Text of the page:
Reviewed by: Ken James
|Featuring||Trevor Wallace, Lyssa Williams, Elizabeth Sinclair|
|Producer||Mars Hill Productions|
|Distributor||Mars Hill Productions|
“One in a Million” is billed as a discussion-starter film, and at 17 minutes and an open-ended conclusion one can see why. Producer Mars Hill says a “discussion-starter film is like a surgeon’s knife, ineffective in and of itself, yet in the hands of one who is skilled, it is a powerful tool for exposing real emotional, intellectual, and spiritual needs.” The topic surrounding “One in a Million” is abortion.
Bobby has a slight handicap, a limp that he just can’t accept and get over. He feels like an outcast of society with no purpose or meaning in life. His girlfriend tries to show him how important he really is to her and others, but he’s just not convinced until something amazing happens. While walking home one day he comes across a baby in a stroller left out in the middle of the street by an inattentive big brother. Seeing what needs to be done, Bobby springs into action in the nick of time and pushed the stroller out of the way. he’s the town’s newest hero and the next day the local paper has a front-page story about the incident. Now he feels really special and important.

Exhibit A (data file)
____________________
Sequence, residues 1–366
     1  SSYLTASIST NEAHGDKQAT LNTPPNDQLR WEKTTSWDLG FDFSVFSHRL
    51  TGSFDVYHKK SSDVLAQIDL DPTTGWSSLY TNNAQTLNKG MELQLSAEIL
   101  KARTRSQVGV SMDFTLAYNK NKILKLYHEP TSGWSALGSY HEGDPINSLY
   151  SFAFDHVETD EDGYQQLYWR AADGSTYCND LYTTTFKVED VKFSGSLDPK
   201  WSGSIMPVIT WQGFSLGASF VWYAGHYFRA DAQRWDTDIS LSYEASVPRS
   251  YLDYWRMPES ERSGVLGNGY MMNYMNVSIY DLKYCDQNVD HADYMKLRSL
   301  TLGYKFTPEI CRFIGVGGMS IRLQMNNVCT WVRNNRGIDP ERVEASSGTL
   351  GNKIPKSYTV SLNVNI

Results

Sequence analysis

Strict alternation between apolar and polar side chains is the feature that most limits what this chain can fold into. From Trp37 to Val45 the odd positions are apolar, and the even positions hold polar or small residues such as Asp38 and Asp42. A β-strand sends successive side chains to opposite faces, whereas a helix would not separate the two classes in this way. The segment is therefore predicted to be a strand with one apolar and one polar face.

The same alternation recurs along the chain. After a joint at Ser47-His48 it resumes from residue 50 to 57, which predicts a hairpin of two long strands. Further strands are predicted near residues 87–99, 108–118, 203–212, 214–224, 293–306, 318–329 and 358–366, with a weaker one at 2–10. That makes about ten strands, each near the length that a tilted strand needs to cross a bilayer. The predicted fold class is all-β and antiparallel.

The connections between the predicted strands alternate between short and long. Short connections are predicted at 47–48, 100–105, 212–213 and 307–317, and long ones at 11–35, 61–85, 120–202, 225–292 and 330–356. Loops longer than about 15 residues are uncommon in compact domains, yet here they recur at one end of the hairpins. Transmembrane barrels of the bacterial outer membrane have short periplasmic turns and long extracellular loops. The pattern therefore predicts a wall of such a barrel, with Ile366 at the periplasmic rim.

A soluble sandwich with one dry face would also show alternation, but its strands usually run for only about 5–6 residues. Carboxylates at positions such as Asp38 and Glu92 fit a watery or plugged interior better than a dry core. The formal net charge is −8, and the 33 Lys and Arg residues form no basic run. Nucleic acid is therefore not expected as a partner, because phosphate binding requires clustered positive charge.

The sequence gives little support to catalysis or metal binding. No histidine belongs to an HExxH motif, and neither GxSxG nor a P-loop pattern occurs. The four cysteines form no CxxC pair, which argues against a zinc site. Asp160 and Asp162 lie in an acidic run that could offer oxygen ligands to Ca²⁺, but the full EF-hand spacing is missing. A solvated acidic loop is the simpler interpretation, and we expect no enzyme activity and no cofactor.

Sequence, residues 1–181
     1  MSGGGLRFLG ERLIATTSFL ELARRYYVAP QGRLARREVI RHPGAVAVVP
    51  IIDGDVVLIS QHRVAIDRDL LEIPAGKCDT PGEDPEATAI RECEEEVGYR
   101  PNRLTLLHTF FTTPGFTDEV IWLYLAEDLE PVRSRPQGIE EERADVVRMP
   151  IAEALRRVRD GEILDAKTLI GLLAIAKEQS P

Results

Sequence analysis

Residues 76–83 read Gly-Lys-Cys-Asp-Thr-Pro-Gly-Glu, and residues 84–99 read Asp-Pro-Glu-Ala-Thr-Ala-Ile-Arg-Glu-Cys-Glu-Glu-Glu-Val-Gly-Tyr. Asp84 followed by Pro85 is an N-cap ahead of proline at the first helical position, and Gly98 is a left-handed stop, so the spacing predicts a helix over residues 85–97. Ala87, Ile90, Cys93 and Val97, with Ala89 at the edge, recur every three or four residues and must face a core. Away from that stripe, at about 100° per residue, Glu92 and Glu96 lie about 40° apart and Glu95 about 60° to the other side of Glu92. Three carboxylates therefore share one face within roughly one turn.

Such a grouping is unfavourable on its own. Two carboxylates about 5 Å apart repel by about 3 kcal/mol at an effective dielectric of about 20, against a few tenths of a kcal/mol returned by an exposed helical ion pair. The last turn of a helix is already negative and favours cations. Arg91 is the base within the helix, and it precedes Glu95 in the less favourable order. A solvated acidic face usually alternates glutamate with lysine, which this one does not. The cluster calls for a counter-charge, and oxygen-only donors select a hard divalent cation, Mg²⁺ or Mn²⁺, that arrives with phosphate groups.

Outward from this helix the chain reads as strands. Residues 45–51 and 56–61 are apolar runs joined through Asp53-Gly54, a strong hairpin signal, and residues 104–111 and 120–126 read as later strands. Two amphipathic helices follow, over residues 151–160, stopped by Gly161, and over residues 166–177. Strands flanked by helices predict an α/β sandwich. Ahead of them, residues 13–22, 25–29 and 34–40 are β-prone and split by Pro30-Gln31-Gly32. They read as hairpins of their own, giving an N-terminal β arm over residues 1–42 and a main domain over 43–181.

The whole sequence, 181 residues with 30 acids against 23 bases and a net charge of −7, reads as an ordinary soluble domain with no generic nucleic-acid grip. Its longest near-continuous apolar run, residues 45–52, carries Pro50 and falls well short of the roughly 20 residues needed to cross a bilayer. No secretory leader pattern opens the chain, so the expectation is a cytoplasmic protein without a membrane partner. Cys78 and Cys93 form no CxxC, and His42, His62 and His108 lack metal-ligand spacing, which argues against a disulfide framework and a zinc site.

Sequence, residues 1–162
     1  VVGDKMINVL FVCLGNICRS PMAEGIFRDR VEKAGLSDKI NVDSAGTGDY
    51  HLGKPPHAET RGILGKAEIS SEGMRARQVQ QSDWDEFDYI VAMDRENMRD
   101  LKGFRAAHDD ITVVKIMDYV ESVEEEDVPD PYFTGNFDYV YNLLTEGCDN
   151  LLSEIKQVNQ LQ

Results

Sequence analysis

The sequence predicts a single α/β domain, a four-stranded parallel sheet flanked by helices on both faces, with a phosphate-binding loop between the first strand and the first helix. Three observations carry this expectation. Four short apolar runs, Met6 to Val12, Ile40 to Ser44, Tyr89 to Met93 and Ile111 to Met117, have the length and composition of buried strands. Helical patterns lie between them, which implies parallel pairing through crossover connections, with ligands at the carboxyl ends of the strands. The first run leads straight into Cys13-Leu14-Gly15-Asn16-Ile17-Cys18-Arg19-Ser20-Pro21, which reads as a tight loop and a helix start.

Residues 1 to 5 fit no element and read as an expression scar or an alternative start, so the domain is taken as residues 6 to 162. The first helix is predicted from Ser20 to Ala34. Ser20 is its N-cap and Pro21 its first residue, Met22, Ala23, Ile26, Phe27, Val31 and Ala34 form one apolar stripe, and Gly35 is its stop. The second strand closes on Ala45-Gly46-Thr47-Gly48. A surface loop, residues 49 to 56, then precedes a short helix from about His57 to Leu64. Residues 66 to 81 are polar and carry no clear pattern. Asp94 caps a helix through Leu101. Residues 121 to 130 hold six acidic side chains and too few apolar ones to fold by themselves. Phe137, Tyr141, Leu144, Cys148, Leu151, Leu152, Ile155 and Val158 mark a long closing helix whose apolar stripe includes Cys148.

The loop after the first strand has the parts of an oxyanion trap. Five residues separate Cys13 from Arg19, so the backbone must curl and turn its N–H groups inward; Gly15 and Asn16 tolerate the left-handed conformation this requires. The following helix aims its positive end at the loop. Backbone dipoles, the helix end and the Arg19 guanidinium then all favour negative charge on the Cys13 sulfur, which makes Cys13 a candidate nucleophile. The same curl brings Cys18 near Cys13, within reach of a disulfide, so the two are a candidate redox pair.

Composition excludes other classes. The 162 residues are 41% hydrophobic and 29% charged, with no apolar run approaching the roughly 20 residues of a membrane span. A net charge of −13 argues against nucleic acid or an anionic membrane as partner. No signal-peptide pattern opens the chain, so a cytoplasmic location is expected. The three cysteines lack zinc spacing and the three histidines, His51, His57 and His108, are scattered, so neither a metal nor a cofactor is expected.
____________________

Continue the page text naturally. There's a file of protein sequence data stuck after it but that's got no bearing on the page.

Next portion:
Later that day as he is cleaning out the attack he comes across his mother’s personal journal she used years ago. He begins to read it and stumbles across some entries that talk about her falling in love with Bobby’s father, then the feeling that “everything is happening so fast”, then finding out that she is pregnant. Confused, she decides to have an abortion. Bobby looks at the dates, does some quick math, and realizes that it was him that was aborted.
With this realization Bobby begins to disappear into oblivion. The baby-in-the-street scene is replayed, this time with no Bobby to save the day.
Thought-provoking it is. If one of us wasn’t around, how would those we know be affected? The implications are obvious and great discussions can be found just around the corner.
Technically the film feels old, but it does have a 1986 production date. The acting is okay. There is a scene where Bobby and his girlfriend kiss, probably their first, and some parents may have trouble with that if they are into the courtship thing. Overall, it’s just okay, but could be quite useful for discussions.